Whatever course of action the churches of Oxford diocese decide to take (and I write conscious that I am not myself among them and this is a matter for them to decide themselves), the time for merely speaking and listening is surely over. The bishops have made clear their direction of travel and appear to have no intention of turning back for such trifling things as upholding the biblical teaching of the church or honouring their ordination vows. It is true that direct action may not have any affect at all on the resolve of the bishops, and indeed they may well make a principle out of not giving in to threats and punitive behaviour, and may respond in kind with negative consequences of their own. But at least those who engage in them can say that, when the time came, they did not sit idly by, but took a stand, and ceased to give succour to soul-imperilling error.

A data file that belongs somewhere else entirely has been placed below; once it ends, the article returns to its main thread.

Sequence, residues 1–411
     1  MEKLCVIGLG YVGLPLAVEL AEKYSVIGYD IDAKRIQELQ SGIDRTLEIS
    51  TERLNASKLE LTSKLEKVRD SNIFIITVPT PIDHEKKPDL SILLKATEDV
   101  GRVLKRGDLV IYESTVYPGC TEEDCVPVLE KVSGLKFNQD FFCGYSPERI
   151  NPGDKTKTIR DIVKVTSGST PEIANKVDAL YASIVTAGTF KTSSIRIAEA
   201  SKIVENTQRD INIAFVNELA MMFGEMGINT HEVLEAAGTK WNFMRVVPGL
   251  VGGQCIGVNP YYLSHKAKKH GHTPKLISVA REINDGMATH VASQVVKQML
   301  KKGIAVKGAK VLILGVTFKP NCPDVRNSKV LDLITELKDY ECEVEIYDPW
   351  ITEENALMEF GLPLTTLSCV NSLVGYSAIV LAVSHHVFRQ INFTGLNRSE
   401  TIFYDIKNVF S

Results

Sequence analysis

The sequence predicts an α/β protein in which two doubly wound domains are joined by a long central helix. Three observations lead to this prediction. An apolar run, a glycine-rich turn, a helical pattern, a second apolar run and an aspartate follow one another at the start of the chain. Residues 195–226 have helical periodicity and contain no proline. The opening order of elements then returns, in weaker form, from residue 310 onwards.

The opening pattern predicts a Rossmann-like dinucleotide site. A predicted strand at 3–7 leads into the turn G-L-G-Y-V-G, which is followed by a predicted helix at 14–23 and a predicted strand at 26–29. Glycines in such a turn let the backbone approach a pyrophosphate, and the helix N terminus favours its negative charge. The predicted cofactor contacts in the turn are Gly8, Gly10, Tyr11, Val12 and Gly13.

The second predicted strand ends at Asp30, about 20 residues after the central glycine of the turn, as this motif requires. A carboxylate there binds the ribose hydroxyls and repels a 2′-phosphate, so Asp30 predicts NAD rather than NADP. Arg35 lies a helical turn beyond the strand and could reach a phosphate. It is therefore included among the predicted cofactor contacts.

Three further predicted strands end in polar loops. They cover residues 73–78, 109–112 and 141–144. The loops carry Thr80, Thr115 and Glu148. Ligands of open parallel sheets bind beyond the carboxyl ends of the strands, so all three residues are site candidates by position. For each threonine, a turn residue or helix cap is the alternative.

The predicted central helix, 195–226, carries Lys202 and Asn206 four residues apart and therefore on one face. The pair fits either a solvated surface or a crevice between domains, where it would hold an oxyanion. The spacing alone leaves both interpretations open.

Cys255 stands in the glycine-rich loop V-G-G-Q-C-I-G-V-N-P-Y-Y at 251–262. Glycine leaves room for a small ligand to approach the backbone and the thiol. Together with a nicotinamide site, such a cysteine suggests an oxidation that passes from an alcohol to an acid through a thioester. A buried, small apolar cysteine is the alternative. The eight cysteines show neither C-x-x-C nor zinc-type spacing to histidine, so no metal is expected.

Will Jones is a UK-based writer. A mathematics graduate with a diploma in theology and a PhD in political philosophy, he lives in Warwickshire with his wife and two young children. He is the author of Evangelical Social Theology: Past and Present (Grove, 2017) and blogs at www.faith-and-politics.com